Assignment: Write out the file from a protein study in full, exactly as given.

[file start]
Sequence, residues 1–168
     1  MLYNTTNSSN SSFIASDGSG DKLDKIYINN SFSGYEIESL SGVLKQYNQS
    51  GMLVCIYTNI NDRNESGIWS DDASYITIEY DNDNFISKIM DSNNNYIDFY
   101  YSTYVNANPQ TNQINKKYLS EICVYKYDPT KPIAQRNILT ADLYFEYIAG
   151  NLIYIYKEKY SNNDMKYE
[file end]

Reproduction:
Sequence, residues 1–168
     1  MLYNTTNSSN SSFIASDGSG DKLDKIYINN SFSGYEIESL SGVLKQYNQS
    51  GMLVCIYTNI NDRNESGIWS DDASYITIEY DNDNFISKIM DSNNNYIDFY
   101  YSTYVNANPQ TNQINKKYLS EICVYKYDPT KPIAQRNILT ADLYFEYIAG
   151  NLIYIYKEKY SNNDMKYE